2. It's not likely that you'll "wait too long." You're not an idiot. Have faith in yourself! I'm so happy I gave my dog hospice care. She had great days and some rough days but overall the time she had was happy and also precious. Death is forever. So it's OK to give your dog a few more days to nap in the sun, look out the window, sit with you by a pond. Life is short. No need to make it shorter.

3. I don't regret spending that money at all. And I'm not a wealthy person. Sometimes I've made up to $50,000 a year. Last year I made $35,000 being self-employed. Some of the vet care I put on a credit card. All told, for 2 months with our dog it was about $1,500 (2 sets of bloodwork, meds, fluids (kidney disease causes dehydration), urinalysis, special foods, etc.) In hindsight, I could've saved a lot if I used Chewy, or 1-800 PetMeds, Costco...point being don't keep getting meds from your vet, it's expensive. But looking back, it was such a tiny blip of spending compared to how much I'll spend and earn over the rest of my life. I'm as guilty as anyone of taking my dogs for granted. I'm thankful at the end of her life, when she most needed help, I could focus on her and comfort her.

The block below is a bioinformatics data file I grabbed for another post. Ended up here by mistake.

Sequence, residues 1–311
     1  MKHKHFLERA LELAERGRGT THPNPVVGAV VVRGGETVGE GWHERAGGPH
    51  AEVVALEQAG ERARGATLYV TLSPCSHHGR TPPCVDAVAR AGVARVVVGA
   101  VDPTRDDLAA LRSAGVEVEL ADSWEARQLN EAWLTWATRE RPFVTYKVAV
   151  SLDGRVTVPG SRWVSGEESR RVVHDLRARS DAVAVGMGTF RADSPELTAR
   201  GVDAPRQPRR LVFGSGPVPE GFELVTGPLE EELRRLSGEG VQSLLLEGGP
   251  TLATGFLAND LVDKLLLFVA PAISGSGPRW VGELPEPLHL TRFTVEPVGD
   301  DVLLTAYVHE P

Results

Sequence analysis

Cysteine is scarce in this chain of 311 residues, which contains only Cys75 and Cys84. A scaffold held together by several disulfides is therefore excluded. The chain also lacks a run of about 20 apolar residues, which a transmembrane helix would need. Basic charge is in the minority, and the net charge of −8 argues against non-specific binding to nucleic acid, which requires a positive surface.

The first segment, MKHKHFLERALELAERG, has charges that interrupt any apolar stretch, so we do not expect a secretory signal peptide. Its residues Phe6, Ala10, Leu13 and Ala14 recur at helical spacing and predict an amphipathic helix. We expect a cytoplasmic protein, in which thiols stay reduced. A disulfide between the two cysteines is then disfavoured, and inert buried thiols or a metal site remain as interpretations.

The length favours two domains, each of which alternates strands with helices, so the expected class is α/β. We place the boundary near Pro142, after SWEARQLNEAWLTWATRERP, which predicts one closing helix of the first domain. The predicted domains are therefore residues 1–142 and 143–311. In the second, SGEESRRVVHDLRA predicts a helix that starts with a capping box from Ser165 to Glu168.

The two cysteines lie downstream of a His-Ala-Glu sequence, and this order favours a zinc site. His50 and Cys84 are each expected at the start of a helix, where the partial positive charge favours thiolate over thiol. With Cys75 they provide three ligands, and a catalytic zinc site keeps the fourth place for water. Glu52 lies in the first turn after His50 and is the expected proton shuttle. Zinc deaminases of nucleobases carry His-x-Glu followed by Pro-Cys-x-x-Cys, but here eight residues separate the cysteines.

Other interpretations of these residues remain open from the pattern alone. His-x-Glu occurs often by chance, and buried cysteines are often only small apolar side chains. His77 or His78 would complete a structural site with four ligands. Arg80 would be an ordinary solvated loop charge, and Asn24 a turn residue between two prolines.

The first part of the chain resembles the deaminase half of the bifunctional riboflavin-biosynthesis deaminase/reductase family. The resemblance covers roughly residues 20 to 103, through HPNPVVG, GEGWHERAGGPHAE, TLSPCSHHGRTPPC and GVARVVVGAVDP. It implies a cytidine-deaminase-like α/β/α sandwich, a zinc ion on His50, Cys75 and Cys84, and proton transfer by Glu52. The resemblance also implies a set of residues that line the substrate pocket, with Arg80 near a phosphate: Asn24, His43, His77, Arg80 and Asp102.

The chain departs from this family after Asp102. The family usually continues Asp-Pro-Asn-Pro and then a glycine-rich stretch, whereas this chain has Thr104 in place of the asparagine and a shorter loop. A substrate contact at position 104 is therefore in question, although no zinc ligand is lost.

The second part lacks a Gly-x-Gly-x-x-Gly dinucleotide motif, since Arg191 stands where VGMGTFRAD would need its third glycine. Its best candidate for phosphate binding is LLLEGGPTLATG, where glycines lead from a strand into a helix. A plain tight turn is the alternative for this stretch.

4. No, it wasn't desperate or weird to do palliative hospice things. I see now that it was a normal and healthy thing to choose. I cooked for my dog, talked to her, wiped her eye boogies away, went on little walks around the neighborhood. I'll never wish I had spent that time in Zoom meetings instead, or building my company's social media presence, etc. We're normally all rushing around so busy - Corona virus forced us all to slow down. We can reassess what we want in our lives and how we want to spend our time.